Offcanvas

Finding and losing yourself in a sketchbook dance. Watch So I Danced Again by Lottie Kingslake.

Notes in an animated sketchbook depict a meandering attempt to investigate the meaning of sounds we hear in the world. But perhaps the only response is to dance.

Film Review:

There are things you can't express, but there are things you can illustrate. Taking as her initial premise the dissonance of words (in their rational cloth) and images (of all kinds), Lottie Kingslake's So I Danced Again... is both a movingly illustrated sketchbook, a dialogue and a performance example at the same time.

The film actively engages with the unfinished, the sketchy, half-understood words and meanings, and the need (at the same time) to grasp the full experience. This in turn invites stick figures, colored blocks of all sizes interacting with each other,  full character figures, leaving a full dance performance for the end. Kingslake had watched YouTube videos of a dance practiced by followers of the charismatic mystic Gurdjieff, and this was the impetus for her work -even though she finally ended doing her own interviews.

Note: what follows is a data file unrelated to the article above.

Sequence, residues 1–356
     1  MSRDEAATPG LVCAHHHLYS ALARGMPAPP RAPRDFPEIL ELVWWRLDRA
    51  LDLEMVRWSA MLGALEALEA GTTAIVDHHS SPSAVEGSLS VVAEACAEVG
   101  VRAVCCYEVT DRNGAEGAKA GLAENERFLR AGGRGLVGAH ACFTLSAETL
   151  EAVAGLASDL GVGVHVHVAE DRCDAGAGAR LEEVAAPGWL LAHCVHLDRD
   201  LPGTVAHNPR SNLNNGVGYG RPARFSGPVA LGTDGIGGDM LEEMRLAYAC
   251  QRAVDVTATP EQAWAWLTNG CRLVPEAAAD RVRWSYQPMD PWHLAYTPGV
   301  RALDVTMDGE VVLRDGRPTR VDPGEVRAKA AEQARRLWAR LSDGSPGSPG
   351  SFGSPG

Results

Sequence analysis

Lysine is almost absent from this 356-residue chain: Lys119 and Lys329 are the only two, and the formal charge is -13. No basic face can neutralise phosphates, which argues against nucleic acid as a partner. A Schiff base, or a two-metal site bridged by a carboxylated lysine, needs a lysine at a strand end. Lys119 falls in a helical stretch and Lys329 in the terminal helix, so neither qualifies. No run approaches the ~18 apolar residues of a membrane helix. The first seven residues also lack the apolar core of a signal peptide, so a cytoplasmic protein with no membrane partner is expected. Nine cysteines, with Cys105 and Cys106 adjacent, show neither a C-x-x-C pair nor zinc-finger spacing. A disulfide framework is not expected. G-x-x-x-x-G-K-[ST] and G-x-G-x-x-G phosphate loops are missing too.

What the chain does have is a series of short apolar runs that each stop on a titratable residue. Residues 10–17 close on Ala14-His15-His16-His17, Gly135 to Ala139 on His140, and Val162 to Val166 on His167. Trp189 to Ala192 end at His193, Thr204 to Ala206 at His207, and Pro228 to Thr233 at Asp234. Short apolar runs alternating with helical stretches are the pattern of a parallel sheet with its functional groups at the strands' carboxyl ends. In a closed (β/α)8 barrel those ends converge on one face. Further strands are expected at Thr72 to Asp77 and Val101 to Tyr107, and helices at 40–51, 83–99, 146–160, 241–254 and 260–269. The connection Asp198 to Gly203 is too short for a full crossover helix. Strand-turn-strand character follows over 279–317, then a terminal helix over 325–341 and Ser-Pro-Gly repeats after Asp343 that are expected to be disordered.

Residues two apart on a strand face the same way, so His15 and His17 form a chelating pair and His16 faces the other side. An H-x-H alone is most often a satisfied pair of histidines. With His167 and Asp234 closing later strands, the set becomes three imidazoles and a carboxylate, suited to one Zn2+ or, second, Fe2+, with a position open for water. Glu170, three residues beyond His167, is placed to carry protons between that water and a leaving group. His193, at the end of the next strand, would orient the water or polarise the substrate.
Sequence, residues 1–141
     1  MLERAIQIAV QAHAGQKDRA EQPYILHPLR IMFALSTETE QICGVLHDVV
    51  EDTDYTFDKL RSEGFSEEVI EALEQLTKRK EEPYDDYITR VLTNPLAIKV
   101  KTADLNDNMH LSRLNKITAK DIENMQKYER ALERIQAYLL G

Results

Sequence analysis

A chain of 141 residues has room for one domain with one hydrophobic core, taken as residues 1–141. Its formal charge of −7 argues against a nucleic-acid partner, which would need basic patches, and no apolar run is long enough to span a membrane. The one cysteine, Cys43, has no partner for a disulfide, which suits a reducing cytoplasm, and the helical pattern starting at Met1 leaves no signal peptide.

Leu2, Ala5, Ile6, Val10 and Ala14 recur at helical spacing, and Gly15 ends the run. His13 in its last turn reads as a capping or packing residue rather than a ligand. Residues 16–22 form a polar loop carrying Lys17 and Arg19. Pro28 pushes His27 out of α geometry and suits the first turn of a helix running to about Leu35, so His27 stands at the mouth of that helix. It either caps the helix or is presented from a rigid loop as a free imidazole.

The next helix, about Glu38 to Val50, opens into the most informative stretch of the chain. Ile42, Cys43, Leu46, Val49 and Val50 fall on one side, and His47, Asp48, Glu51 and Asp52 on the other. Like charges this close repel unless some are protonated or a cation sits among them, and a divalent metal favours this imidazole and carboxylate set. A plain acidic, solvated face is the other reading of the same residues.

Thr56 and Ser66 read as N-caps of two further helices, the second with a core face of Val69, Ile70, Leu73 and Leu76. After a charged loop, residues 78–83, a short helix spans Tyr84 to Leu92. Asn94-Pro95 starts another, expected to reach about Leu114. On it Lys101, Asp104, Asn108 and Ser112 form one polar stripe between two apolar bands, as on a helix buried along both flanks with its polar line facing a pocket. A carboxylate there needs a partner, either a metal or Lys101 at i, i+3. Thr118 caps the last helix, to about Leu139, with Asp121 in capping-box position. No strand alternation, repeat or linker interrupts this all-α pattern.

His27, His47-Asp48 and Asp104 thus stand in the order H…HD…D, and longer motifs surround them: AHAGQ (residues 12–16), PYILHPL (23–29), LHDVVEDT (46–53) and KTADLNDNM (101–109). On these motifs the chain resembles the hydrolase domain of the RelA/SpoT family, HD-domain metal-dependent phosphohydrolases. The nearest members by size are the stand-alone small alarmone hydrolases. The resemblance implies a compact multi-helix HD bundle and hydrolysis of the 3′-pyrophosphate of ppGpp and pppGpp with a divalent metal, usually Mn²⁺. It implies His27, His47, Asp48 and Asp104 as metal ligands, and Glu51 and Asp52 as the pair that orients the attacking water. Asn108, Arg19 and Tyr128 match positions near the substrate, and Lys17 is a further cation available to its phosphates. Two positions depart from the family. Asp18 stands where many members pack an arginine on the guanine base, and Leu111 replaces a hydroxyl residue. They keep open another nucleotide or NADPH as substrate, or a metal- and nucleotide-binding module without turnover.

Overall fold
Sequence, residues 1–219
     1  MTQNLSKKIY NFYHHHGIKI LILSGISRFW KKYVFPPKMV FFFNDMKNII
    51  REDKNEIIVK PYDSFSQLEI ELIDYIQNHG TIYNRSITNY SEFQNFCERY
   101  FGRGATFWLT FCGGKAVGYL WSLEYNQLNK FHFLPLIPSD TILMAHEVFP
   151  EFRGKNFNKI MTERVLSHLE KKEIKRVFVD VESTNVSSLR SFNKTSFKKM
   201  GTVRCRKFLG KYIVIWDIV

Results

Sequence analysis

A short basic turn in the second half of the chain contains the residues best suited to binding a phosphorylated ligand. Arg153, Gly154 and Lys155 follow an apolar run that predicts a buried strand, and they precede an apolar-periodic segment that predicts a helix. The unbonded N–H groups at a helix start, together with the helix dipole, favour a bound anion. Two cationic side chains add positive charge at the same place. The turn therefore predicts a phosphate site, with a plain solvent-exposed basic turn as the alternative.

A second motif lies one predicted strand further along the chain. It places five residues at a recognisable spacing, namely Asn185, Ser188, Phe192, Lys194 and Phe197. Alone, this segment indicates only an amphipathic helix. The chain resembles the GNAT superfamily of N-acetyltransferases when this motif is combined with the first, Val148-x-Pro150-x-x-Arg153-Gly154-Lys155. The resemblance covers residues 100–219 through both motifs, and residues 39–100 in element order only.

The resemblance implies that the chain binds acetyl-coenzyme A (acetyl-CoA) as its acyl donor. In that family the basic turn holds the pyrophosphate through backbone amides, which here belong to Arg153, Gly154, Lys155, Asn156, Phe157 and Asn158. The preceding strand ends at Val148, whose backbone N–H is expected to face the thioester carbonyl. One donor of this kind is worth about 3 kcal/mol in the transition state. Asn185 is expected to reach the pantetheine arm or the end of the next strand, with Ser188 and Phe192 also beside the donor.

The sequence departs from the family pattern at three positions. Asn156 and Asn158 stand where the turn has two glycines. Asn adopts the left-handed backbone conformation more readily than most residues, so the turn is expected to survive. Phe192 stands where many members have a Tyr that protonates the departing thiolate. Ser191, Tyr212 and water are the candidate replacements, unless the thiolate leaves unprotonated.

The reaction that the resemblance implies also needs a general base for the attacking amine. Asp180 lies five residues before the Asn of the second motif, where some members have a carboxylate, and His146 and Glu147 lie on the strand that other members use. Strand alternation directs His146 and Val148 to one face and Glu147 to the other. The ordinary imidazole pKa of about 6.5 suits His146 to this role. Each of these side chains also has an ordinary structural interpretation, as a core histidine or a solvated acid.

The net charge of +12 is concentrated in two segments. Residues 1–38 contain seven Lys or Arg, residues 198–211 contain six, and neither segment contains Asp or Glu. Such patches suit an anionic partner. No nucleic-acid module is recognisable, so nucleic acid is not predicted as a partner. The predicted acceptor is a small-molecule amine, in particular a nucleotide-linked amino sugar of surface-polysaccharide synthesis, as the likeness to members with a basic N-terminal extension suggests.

In a sense, this works better. Sound is as much important in the film as the visual experience itself, and what matters most is how you can get the whole menagerie of vocal experience in your work. Having a sure hand in the editing process (Kingslake recorded the interviews by visualising them in synchronous collage waveforms), both director and Ben Woodbridge make the film a vocal adventure to watch -always interesting.

So I Danced Again may imply that rationalization is hopeless, but the film itself is equally important in showing the failure of rationalization. Just like a sketchbook,  you need to make your notes for a film, before you decide to throw them away and start shooting.  So I Danced Again is playful and suggestive, both meditative and using everyday talk, an experimental animated sonatina in the making.

CREDITS:
So, I Danced Again, 2019
Directed and animated by Lottie Kingslake
-Sound design by Ben Woodbridge and Lottie Kingslake
-Animation assistance from Laura White

Interviewees:
Robert Anderson - contact dancer, Pemma Spencer Chapman - music therapist, Emma Leech - 5 rhythms dancer, Guido Orgs - Neuroscientist/dancer, Ben Woodbridge - Musician.
With Support from The Elf Factory

Lottie Kingslake is a London-based 2D animation artist, and a graduate of Royal College of Art, with a painterly sensibility and a keen interest in rhythm. Her other animation works include the short film Of the Apple,  while her commissioned work includes pieces for Garrick Shakespeare Festival, Oxford University and other clients.

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